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Yongqun Zhu Lab, Science: Nε-Fatty Acylation of Rho GTPases by a MARTX Toxin Effector


On October 27, 2017, Dr. Yongqun Zhu laboratory published a research paper in Science entitled “Nε-Fatty Acylation of Rho GTPases by a MARTX Toxin Effector”, which describes that a unique posttranslational modification of Rho GTPases catalyzed by a MARTX toxin effector inhibits Rho GTPases and disrupts the host Rho GTPase-mediated signaling.

The multifunctional-autoprocessing repeats-in-toxin (MARTX) toxins are a family of large toxins that are extensively distributed in bacterial pathogens. MARTX toxins are autocatalytically cleaved to multiple effector domains which are released into host cells to modulate the host signaling pathways. The Rho guanosine triphosphatase (GTPase)-inactivation domain (RID), a conserved effector domain of MARTX toxins, is implicated in cell rounding by disrupting the host actin cytoskeleton. We found that the RID is an Nε-fatty acyltransferase that covalently modifies the lysine residues in the C-terminal polybasic region of Rho GTPases. The resulting fatty acylation inhibited Rho GTPases and disrupted Rho GTPase-mediated signaling in the host. Thus RID can mediate the lysine Nε-fatty acylation of mammalian proteins and represents a family of toxins that harbor N-fatty acyltransferase activities in bacterial pathogens.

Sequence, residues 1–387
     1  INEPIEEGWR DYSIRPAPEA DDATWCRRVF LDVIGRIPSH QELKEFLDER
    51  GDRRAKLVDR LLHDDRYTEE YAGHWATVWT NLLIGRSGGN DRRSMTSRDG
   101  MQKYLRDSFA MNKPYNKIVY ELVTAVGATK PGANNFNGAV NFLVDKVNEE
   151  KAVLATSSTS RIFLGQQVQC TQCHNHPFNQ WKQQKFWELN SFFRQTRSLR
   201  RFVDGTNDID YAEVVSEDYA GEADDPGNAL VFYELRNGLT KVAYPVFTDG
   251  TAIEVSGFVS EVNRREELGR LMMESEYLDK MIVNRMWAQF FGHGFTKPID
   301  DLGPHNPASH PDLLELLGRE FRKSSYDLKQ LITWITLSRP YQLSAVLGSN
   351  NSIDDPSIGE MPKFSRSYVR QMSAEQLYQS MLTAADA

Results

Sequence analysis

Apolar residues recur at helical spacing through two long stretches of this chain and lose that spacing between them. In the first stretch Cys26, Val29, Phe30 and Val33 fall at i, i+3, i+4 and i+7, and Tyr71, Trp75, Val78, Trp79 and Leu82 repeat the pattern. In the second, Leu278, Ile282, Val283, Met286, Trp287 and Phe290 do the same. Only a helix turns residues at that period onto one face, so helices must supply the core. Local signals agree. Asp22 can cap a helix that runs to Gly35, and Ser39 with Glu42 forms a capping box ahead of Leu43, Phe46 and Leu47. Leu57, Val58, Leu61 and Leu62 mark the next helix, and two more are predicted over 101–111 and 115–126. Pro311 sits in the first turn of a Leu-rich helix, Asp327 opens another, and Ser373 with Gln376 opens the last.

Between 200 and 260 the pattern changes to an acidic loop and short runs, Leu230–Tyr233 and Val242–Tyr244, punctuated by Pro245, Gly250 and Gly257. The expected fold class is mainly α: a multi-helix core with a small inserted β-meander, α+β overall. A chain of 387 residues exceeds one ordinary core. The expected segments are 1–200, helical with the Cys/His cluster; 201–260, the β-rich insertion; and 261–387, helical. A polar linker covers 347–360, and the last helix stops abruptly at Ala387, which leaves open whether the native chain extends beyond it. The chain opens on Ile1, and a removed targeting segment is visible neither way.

Figure. The molecular mechanism of Rac1 Inactivation by RID

Fatty acyltransferase activity of RID modifies host Rac1 GTPase. (A) Fatty acylation of Rac1 Q61L by RID from V. cholerae (RIDvc) in vivo. Fatty acylation of Rac1 was detected via click chemistry reactions and Western blotting with a streptavidin-biotinylated horseradish peroxidase complex. (B) Fatty acylation of Rac1LS by RID in vitro. (C) Fatty acylation of wild-type Rac1LS and Rac1LS Q61L, in contrast to inactive Rac1 T17N, by RID in vitro. (D) Fatty acylation of Rac1Q61L by RID during V. cholerae infection.

Yan Zhou and Chunfeng Huang are the first authors, and Dr. Yongqun Zhu is the corresponding author of this paper. This study was collaborated by Drs. Feng Shao, Xiaoyun Liu and She Chen, and supported by National Natural Science Foundation of China (NSFC), Zhejiang Natural Science Foundation, Royal Society of UK, China Ministry of Science and Technology grants and the Fundamental Research Funds for the Central Universities.